Stay Focused: Control the Controllables

 

The sad, stressful year of 2020 has finally come to an end. What will 2021 bring? Who knows, but how it goes for us will be greatly influenced by our perception and mindset. Will we focus on the positives or the negatives? That is a choice we will all have daily. Some people are trying to predict what is going to happen and forget where the focus needs to be. Since we don’t know the future, let’s plan for the present. Focus on our goals, while not letting others drag us down. Let’s control the controllables.

 

Each day, teachers face many unpredictable situations and obstacles. It may be a driver cutting us off on the way to school, students fighting on the playground, or having to cover a sick teacher’s class during our prep period. These alone are all things that could ruin the day for some, but they don’t have to be. All of them were beyond our control. I ask my students all the time: “Can we control what others say or do? No, so there is no reason to get upset. Let’s control what we can and make it a good day.” If we are always letting things that we cannot control affect us, then we are going to have a lot of bad days. There are always going to be a few people around you trying to annoy you or get you off your desired path. It is like comparing ourselves to others, which is the thief of joy. We cannot control others, but we can control our thoughts and actions. As much as possible, choose happiness. 

 ear buds

When I think of controlling what we can control, I think of the analogy of going to the gym with earbuds in. The idea is when we put our earbuds in, we focus on what is important to us, while not allowing outside negativity to drag us down. While we need to be aware of what is happening around us, we also must work on not letting outside noise interfere with our goals. Some might consider that selfish, while I consider it self-car Blogger Katie Reed said, “Self-care is giving the world the best of you, instead of what’s left of you.” If we are not taking care of ourselves and constantly letting others drain us and wear us down, how are we supposed to be taking care of our families and students? 

 

So how do we teach our students this concept of being happy and controlling what we can? This can be done through video clips, role play, and using positive reinforcement. When we observe our students having positive mindsets and overcoming challenges they might not have envisioned, we can praise them. This shows that we notice them making a tough situation more pleasant. For example, maybe a student volunteered to work with another who did not have a partner, even though that student would have probably preferred to work with his/her best friend. That empathy and open-mindedness are powerful. The right thing to do is not always the easy thing to do. I often ask my students, “Who wants to make more friends? Being open-minded and happy is an easy way to do that. People love being around fun, happy people. YOU can control that.”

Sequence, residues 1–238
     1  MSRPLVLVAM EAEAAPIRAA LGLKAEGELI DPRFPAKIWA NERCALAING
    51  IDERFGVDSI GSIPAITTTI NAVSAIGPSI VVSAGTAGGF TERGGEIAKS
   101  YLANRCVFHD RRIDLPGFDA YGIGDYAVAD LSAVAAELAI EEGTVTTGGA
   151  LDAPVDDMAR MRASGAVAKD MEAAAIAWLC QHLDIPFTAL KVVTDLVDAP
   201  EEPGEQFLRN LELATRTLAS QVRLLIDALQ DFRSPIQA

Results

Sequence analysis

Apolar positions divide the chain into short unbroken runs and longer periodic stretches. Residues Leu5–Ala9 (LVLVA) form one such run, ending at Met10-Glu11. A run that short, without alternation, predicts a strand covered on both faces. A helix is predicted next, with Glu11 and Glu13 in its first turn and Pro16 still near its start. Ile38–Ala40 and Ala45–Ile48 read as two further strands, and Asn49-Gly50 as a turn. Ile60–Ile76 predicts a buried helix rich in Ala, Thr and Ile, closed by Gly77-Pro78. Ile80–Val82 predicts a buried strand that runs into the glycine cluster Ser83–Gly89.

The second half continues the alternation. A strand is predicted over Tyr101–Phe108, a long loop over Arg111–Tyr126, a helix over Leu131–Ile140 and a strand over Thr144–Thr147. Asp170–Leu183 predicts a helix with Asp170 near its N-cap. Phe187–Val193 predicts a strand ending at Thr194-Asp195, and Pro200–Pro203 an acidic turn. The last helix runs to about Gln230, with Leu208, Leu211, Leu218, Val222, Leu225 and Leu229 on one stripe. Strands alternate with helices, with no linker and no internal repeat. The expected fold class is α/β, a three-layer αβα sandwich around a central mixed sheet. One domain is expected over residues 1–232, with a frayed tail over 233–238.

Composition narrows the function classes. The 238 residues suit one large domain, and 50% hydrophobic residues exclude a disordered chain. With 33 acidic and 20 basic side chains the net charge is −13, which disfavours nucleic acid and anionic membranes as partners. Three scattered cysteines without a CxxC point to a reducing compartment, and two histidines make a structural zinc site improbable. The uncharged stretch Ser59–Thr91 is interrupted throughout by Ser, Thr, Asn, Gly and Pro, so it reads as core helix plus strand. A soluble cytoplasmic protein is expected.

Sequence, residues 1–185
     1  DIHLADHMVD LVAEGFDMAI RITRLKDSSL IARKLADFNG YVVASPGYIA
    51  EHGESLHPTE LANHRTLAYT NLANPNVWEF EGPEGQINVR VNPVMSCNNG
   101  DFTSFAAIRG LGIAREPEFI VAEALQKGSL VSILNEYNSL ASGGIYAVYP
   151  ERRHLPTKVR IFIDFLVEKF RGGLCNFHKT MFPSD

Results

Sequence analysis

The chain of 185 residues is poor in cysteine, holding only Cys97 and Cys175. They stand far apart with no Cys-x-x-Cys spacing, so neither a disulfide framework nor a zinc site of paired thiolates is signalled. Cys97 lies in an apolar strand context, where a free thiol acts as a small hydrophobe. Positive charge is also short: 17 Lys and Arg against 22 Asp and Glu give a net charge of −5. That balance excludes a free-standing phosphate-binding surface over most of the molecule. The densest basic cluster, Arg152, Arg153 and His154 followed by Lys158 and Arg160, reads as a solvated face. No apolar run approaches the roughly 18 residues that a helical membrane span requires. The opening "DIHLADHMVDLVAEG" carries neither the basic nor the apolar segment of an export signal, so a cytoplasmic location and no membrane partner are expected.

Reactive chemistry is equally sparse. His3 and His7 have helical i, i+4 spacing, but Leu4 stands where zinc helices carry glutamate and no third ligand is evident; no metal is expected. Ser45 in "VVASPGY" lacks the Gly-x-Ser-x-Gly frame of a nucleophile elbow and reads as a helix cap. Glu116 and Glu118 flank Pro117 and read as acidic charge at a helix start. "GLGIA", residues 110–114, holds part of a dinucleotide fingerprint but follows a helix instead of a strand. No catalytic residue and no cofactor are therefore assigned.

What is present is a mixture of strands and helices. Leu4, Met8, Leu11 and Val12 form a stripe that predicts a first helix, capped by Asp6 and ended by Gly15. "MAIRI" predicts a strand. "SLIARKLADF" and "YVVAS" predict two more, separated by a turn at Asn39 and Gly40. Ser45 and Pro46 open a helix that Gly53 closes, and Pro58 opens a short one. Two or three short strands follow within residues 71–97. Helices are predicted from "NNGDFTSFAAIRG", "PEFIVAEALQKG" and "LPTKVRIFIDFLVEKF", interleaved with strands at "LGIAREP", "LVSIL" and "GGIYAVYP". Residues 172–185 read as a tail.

Putting this concept of perspective into real-life scenarios help students understand as well. I tell my students that I count how many green lights I get on the drive to school, rather than getting mad about the red ones. I cannot control the lights, but by countingreen lightg the green ones, I choose to see the world from a more positive, grateful perspective. I tell them I am happy to get any piece of pie even if my favorite, cherry, was not available. It is important to appreciate the little things we get like green lights or a piece of pie. Suddenly, we start to feel better. At first, we may have to consciously tell ourselves, possibly out loud, to focus on the positives and to breathe. This self-talk and choosing to stay positive will eventually become a habit and natural.

What will 2021 bring? Nobody knows for sure. Regardless of what is happening around us in the world, our mindsets are a choice. I understand what you are thinking. “Some days are nearly impossible to stay positive!” I get it. I would also challenge you to look back on those days and ask yourself, “How many of these negative moments were out of my control? Did I control what I could, or did I allow others to drag you down? As teachers and role models, let’s set an example for our students. Let’s control the controllables, and let’s choose happiness.

 

Kyle Bragg

My name is Kyle Bragg, a physical education teacher at Anasazi Elementary School in Scottsdale, AZ. I am a National Board Certified Teacher, as well as the 2018 Arizona Elementary Physical Education Teacher of the Year and the 2019 Arizona Innovative Physical Education Teacher of the Year. I received a Bachelor’s Degree in 2010 from Illinois State University, where I played collegiate golf. I earned a Master’s Degree in Teaching and Learning in 2013 from Nova Southeastern University. In class, I utilize technology to create developmentally appropriate lessons, which allow students to experience success and improve their physical literacy. I incorporate Social Emotional Learning as well to help establish a safe, loving classroom climate. Beyond the classroom, I strive to inspire teachers by writing for journals and blogs, as well as presenting to groups on the local, state, and national levels.

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